When the press conference was over Jack tried to kiss "J/M," a gesture "J/M" found somewhat distasteful, although she did admit to friends later, that she understood how Jack might be confused since J/M looks just like Mary Frances since "J/M" (after all) has Mary's body.

During the next few weeks Mary's husband Jack continued to pursue, some would say "hound," J/M.

After J/M was released from the hospital, Jack continued to "follow" J/M around San Francisco. J/M took a small apartment near the Golden Gate Bridge, telling California police later - after she was arrested - that she could see Jack from her second floor window standing in the shadow of the small arbor of trees across the street, sometimes. she later described in court, "for hours on end."

I mention the court case because many of you have at least read about it and it would be remiss of me to leave it out.

J/M, as you know, apparently reached a breaking point, saying at the trial that she was "tired of having this guy whom I did not know follow me around the city and call me to tell me how our daughter was doing, a daughter I never had and did not know. This guy was driving me crazy and so I shot him."

As you recall J/M was promptly arrested and tried for the murder of Jack Beaudine. One of the first decisions, however, facing the court was to determine who Jack's killer was.

The gun that was recovered at the scene of the crime had Mary Frances Beaudine's fingerprints "all over it," as Detective Lotscheider of the San Fancisco police testified at trial and a videotape recovered at an automatic cash withdrawal machine two blocks from the crime scene unmistakably showed Mary Frances Beaudine making a large cash withdrawal fifteen minutes before the murder.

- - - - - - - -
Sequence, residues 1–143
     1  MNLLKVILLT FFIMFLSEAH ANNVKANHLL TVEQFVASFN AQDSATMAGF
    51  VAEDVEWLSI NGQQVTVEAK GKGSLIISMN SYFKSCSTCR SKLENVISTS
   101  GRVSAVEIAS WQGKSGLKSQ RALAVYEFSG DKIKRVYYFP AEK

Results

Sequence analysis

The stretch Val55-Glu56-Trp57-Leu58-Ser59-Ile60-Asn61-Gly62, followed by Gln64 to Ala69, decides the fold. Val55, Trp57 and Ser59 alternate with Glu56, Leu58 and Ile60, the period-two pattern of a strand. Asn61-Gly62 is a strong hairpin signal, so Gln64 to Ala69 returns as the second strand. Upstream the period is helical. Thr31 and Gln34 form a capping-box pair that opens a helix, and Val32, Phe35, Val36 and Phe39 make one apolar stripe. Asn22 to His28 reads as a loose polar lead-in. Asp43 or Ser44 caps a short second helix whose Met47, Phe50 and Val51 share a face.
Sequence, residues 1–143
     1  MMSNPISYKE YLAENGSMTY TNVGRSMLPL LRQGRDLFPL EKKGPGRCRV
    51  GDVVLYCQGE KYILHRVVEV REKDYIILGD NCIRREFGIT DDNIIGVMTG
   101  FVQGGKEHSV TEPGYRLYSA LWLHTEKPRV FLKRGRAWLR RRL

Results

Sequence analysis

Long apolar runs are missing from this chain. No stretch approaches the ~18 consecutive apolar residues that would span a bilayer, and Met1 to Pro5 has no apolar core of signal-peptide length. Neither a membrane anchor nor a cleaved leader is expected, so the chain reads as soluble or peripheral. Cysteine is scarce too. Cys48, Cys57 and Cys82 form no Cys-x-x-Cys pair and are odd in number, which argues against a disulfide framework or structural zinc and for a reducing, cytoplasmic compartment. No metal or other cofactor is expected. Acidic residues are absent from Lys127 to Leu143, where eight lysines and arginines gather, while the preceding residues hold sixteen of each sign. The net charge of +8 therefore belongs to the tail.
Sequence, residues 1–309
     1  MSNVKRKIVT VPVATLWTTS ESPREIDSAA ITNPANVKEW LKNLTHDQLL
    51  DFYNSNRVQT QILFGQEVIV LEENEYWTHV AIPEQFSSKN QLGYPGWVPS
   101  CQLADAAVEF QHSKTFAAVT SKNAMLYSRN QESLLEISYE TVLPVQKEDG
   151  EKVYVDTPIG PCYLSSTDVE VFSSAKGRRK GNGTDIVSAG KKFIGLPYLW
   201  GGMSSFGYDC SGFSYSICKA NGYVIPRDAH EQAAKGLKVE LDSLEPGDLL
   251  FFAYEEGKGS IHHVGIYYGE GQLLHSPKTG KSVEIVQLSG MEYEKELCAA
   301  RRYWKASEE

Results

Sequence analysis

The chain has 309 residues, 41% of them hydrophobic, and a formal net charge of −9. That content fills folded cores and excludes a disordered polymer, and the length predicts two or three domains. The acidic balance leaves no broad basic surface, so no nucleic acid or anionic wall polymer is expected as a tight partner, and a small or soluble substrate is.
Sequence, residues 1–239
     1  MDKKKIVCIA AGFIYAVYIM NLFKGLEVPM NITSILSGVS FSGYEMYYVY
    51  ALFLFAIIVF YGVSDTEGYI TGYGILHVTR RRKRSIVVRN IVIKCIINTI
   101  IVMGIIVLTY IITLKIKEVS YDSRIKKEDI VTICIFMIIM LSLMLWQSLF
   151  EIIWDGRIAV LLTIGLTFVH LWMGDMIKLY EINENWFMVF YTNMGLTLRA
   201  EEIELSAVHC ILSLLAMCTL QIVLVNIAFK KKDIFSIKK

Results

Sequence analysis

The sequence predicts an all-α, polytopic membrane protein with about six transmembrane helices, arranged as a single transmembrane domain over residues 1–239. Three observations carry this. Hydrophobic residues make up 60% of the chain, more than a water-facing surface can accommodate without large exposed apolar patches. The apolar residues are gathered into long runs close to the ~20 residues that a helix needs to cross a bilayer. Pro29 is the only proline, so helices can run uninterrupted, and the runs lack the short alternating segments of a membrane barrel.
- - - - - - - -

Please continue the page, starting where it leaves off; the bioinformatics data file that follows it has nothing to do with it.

So, too, an old friend of the Beaudine's, the actor Peter Coyote, saw, or so he testified at the trial, Mary Beaudine run from the "scene of the crime" just one minute after Jack was shot and killed, the murder weapon still in her hand.

Who murdered Jack Beaudine? Was it Julia who admitted at the trial that she had become increasingly frustrated by Jack's "hounding" of her for days and weeks on end? Or was it Mary Frances Beaudine, whose fingerprints were, as Detective Lotscheider said at trial, "all over this crime?"

This case went all the way to the California Supreme Courtand the court's decision was almost as celebrated as Dr. Matthews' operation that triggered this bizarre series of events. The Supreme Court's decision in this case is reported by Dave Cohen in John Perry, "A Dialogue" on the third night of that dialogue.

But quite apart from the Supreme Court's actual decision, what do you think?

Even if you knew or remembered how the Court decided, courts do not always get it right.

What's your answer? Who murdered Jack Beaudine? Mary or Julia?

Clearly you and the Court face a preliminary question: who survived the operation? Indeed once this question is answered you probably have your answer to the question: who killed Jack?

So who survived the operation? Julia or Mary?

The question would appear to involve some hard thinking about a topic you may remember came up in a class you are taking with a Professor Teuber at Brandeis in the Fall of 2008.